New Army recruiting ads mocked as 'woke, emasculated' — but will they reach Gen Z target demo?
"The Calling" campaign did well in focus groups among 18-24-year-olds, officials said. But the segments on YouTube brought more downvotes than upvotes, and the Army ended up disabling comments.
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A controversial Army recruiting campaign is too new to determine whether it is drawing recruits into the service, according to Army officials, who say they will gauge the campaign's results later this month.
The campaign, titled "The Calling," appears on YouTube, and combines animated and live-action video to highlight the stories of real individual soldiers. Although the Army says the campaign resonated with target-audience focus groups, critics have lambasted the ads as catering to anemic sensibilities, particularly when compared to adversaries' ad campaigns.
"The Calling" contains five segments featuring real soldiers who talk about why they joined the Army. Against a backdrop of dramatic music, the demographically diverse soldiers explain the challenges and hardships they faced while growing up and how they came to see the Army as a positive career choice.
The most widely discussed segment is about "Emma," who was raised by two lesbian mothers. Additional segments feature "Jennifer," whose traumatic childhood inspired her to help others; "David," who thought he wasn't smart enough to become a helicopter pilot (spoiler: he was); and two other soldiers who also overcame challenges.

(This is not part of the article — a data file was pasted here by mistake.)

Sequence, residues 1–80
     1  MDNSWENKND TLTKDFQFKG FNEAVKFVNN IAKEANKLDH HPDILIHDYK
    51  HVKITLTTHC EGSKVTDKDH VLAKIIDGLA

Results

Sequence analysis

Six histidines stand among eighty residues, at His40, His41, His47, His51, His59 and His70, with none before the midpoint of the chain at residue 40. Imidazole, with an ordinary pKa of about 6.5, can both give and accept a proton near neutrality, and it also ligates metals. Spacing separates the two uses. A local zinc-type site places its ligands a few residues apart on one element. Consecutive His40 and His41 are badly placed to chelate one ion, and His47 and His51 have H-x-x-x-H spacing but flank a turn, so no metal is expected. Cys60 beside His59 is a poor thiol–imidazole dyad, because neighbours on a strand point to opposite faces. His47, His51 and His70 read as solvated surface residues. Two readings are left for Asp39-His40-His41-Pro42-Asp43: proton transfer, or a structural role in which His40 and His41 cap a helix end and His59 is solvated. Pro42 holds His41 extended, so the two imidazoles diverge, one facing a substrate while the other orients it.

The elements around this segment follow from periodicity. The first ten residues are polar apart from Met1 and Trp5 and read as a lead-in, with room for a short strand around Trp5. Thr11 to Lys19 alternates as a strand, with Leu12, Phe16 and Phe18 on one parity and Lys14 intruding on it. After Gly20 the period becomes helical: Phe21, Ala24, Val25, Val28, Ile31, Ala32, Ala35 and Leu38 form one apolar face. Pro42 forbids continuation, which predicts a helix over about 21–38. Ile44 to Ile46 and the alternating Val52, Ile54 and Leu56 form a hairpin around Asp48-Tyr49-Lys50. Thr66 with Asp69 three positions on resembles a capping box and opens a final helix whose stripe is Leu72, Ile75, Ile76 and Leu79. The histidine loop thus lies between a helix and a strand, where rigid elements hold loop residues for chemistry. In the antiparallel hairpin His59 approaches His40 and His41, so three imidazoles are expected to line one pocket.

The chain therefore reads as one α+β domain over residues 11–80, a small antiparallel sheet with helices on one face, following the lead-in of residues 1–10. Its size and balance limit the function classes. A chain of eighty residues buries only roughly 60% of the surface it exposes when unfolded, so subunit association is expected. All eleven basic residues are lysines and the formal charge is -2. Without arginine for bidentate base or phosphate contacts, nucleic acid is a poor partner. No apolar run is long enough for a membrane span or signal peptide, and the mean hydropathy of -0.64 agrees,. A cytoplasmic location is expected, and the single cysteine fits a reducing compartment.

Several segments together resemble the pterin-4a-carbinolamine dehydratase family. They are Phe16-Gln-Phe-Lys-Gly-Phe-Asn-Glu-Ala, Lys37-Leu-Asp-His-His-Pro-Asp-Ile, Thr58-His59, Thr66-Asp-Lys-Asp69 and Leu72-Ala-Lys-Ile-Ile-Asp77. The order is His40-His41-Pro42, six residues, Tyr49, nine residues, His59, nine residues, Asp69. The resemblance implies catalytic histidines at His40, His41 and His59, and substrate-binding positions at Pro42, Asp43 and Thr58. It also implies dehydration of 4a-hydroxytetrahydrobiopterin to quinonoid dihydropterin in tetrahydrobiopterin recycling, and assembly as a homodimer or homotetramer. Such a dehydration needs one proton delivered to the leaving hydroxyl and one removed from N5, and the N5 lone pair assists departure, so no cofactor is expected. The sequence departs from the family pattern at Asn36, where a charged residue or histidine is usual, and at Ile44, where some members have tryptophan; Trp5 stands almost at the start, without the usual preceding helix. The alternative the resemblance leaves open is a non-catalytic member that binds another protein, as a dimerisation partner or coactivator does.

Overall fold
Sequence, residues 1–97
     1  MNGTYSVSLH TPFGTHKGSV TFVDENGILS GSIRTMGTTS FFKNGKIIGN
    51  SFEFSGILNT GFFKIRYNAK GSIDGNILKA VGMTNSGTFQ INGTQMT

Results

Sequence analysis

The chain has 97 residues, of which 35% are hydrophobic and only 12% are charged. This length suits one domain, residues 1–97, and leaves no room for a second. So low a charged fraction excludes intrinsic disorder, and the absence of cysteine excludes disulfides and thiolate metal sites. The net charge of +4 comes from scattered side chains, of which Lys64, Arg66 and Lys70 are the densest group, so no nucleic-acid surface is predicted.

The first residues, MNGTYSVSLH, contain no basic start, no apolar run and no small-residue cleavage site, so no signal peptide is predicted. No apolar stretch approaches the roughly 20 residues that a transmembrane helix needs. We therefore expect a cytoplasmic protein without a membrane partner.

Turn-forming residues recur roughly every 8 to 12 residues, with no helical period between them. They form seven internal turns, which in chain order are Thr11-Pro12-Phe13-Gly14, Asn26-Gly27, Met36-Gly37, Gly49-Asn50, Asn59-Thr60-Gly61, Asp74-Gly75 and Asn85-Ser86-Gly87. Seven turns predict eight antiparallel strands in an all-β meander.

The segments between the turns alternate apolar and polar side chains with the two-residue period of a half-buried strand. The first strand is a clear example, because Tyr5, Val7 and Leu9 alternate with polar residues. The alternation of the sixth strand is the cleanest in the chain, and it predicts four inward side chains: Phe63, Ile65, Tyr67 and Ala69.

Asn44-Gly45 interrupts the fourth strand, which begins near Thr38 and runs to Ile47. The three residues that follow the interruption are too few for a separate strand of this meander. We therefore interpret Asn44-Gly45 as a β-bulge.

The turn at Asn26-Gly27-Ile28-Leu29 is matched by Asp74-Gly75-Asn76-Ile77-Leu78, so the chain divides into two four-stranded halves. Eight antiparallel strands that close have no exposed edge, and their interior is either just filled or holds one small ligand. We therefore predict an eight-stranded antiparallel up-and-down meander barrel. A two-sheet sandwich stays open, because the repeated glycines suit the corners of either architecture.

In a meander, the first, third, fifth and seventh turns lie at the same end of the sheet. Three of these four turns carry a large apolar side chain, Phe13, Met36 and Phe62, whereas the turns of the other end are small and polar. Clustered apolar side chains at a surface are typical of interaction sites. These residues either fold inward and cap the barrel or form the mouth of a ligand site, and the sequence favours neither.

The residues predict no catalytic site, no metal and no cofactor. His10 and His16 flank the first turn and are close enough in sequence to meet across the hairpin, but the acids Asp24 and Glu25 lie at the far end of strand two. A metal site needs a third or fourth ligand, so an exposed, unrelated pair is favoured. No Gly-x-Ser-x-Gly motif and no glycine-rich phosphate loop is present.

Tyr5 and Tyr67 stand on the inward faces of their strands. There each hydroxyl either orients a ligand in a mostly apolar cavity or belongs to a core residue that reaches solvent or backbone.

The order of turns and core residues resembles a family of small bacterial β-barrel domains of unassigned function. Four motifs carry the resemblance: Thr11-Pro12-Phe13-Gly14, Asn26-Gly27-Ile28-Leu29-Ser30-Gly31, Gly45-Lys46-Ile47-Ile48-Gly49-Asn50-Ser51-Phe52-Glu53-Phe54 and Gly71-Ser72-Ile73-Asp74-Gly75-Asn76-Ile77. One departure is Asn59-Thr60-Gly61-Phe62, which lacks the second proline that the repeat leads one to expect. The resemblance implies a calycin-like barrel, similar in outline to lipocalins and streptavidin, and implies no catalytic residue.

Critics skewered the ads for presenting what they saw as frailty instead of strength.
Republican Sen. Ted Cruz of Texas went on Twitter to slam "The Calling" for depicting a "woke, emasculated" Army.
One former Army officer Just the News interviewed questioned the ads' purpose.
"What audience did this attempt to reach?" wondered former Army public affairs officer John Wagner. "Just to show how 'woke' the Army is? This material is aimed not at recruiting, as it should have been, but at trying to show something that is not a core principle of defending our nation. Who's going to rethink joining after this?''
Cruz compared "The Calling" series to videos from Russia and China, where the armed forces are depicted as powerful fighters using top-notch equipment.
Unlike the United States, though, the Russian and Chinese militaries obtain their recruits via forms of conscription, and those foreign armies face their own unique challenges.
In Russia, the widespread brutal hazing of lower ranking troops sparked such antipathy that the defense ministry has focused on bolstering military pride, in part by producing "tough guy" videos.
In China, the military is largely untried in combat, and has produced videos to showcase the Peoples Liberation Army's technical prowess.
The true test of the U.S. Army's "The Calling" ads is whether they appeal to the "Generation Z" demographic of 18-24-year-old Americans, officials told Just the News.
"We tested the ads with the Gen Z market," Army marketing official Laura DeFrancisco said. "We're trying to get them with the soldiers' backstories. This was to show that these soldiers are relatable. What was their backstory? We went for the authenticity. Who are you? We used the storytelling approach."